Statistics of violence against nurses over the last decade are shocking. According to NursingWorld.org, approximately one in four nurses have been physically assaulted at work in the last year. Although healthcare workers make up only 9 percent of the workforce, OSHA.gov reports that violent injuries in the healthcare industry account for almost as many violent injuries in all other industries combined.

The worst part is there aren’t currently any federal rules in place to mandate that hospitals and healthcare facilities protect nurses from the violence they might experience in the workplace. However, some states have passed protective regulations on their own, requiring the development of violence-prevention programs, teaching de-escalation techniques, and increasing the penalties for people convicted of assaulting healthcare workers. As violence against nurses continues to increase, the US Department of Labor is considering nationwide workplace-safety standards for hospitals to prevent abuse against their employees.

What has caused the spike in violence? A 2015 research study in the Journal of Emergency Nursing found that dementia or Alzheimer’s patients and patients on drugs are the most likely to hurt nurses. An increase in violence also correlates with the recession a few years ago, which led to public and private hospitals cutting budgets and laying off employees. With fewer nurses and security guards on duty at any given time, there is less help available when a patient gets out of control. Many states also cut billions in funding for mental health services while psychiatric patients are increasingly seeking emergency room treatment because they can’t be turned away at a hospital.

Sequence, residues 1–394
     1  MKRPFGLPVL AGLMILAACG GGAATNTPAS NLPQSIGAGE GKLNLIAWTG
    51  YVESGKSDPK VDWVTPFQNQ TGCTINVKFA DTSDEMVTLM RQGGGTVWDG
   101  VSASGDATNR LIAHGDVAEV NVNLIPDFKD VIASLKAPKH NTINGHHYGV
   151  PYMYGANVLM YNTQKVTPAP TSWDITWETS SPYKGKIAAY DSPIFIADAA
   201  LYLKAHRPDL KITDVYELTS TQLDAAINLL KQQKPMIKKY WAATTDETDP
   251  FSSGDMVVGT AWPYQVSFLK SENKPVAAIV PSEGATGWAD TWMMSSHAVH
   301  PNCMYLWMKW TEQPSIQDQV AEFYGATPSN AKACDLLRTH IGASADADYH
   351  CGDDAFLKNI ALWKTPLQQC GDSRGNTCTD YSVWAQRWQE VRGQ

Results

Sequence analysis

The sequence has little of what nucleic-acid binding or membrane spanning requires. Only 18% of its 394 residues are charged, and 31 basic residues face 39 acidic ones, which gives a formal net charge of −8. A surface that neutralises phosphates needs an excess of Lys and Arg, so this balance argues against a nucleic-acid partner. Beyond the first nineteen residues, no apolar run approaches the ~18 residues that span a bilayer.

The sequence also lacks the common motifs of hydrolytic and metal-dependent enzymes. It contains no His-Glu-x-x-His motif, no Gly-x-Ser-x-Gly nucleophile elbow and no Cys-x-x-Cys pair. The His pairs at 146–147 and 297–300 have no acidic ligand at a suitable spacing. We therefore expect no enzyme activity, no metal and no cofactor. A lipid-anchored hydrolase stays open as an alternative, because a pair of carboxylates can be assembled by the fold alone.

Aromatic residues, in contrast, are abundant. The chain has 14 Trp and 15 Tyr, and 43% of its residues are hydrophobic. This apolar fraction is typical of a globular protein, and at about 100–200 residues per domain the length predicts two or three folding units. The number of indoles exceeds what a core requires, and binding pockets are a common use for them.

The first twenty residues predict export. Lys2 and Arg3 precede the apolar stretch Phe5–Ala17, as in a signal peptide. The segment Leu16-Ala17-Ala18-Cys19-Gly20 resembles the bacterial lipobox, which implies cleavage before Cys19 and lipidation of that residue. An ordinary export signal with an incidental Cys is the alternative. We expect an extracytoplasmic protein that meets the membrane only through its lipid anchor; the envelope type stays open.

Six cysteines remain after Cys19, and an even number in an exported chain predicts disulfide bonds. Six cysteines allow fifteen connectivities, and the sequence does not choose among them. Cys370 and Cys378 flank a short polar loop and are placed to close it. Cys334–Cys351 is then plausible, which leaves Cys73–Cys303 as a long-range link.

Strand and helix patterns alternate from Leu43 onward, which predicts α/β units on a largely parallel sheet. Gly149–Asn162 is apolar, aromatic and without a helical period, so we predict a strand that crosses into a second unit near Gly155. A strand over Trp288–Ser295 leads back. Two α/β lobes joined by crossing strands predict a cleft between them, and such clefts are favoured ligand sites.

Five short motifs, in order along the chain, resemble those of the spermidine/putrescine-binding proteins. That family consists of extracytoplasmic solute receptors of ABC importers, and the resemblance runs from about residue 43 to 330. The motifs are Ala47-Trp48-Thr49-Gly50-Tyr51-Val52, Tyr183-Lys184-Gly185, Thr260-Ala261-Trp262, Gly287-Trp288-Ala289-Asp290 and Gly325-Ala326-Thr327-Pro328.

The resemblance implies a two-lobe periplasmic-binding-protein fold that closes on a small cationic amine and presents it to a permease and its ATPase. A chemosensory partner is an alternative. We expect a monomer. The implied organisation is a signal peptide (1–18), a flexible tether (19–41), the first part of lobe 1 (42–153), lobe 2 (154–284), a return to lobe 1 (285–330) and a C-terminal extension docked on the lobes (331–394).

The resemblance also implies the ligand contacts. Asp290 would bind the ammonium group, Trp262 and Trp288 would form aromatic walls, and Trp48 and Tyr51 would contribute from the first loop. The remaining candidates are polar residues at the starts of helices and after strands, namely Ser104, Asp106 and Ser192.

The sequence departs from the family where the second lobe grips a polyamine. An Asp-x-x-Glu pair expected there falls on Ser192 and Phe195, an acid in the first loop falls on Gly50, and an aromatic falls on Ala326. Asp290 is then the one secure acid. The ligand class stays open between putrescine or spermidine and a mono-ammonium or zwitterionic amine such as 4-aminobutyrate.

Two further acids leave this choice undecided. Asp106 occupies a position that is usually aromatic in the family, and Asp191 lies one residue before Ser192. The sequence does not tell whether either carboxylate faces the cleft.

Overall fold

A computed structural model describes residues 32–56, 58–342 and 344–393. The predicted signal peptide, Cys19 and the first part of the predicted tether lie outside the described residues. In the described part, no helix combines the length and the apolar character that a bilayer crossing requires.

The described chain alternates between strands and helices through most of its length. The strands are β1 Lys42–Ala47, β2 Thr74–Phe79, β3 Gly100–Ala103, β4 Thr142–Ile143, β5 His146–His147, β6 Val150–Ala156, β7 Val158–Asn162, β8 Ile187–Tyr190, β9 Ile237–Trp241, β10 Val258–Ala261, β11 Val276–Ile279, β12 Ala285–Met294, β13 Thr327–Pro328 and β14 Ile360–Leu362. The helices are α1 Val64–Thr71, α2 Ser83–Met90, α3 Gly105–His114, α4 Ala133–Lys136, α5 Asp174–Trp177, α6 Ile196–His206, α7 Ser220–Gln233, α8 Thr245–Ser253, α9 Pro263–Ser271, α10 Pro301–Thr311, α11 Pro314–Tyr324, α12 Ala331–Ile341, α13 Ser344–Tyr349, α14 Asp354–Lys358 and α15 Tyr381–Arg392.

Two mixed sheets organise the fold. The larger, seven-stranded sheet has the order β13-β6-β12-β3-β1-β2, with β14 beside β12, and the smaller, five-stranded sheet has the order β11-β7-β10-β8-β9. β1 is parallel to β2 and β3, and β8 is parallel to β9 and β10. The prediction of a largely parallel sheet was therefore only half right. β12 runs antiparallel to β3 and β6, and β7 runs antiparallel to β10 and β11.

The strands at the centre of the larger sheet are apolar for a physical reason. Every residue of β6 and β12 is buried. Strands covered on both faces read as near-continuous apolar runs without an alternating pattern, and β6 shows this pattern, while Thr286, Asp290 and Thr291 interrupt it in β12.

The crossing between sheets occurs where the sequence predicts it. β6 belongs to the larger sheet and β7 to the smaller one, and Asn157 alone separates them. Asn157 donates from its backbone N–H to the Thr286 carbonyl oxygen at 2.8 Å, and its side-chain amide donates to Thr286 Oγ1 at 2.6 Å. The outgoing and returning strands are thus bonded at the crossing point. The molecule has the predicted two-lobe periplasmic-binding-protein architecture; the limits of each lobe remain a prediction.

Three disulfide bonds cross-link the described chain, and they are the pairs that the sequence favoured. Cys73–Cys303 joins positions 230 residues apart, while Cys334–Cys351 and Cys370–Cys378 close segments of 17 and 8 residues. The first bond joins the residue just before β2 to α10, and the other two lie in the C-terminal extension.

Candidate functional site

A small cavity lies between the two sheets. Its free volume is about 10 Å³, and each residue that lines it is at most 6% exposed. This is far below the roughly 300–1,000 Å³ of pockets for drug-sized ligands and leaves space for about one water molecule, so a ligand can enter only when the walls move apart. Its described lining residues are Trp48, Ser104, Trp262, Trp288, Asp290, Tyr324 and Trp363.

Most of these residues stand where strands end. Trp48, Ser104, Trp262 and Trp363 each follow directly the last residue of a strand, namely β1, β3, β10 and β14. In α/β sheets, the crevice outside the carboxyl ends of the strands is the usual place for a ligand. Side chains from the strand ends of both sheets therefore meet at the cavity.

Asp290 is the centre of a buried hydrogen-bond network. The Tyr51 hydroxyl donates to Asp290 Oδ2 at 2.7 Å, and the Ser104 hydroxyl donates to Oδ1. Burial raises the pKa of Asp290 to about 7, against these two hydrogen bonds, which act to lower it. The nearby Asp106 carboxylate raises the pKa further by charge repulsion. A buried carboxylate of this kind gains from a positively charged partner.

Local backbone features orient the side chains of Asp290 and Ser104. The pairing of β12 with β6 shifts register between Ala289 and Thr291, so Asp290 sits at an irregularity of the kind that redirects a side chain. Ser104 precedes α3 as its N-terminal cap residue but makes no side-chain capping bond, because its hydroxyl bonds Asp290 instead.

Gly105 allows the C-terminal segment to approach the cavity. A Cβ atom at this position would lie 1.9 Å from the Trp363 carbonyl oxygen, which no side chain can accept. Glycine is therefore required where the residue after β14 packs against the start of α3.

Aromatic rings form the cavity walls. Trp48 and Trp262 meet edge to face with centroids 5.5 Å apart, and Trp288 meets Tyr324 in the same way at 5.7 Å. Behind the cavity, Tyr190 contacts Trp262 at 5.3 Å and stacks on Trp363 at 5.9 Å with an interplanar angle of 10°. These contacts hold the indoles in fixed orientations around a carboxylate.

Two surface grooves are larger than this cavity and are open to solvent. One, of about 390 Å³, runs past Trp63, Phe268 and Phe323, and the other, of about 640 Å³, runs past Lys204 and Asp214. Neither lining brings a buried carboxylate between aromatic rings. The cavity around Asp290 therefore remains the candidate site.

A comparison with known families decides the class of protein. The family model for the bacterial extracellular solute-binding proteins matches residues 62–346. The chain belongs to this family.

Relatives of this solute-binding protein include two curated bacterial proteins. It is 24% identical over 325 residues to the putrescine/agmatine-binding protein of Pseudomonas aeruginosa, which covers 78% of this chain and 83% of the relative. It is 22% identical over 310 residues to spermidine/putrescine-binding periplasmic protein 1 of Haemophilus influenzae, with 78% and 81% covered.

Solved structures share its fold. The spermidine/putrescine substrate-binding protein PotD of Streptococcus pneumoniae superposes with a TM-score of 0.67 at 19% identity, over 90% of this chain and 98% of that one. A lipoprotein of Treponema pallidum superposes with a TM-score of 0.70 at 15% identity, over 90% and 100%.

Bonnie Castillo, an RN and director of health and safety for National Nurses United, tells TheAtlantic.com that there’s a pervasive notion that dealing with unruly patients is part of a nurse’s job and therefore, “[Nurses] always feel discouraged from reporting it.” While the Department of Labor works toward establishing nationwide safety standards, individual hospitals are beginning to implement their own measures for ensuring employee safety (like offering self-defense classes to staff). However, while the nationwide nursing shortage persists and hospitals don’t have mandated safety regulations, patients and staff will continue suffering from workplace violence in hospitals.

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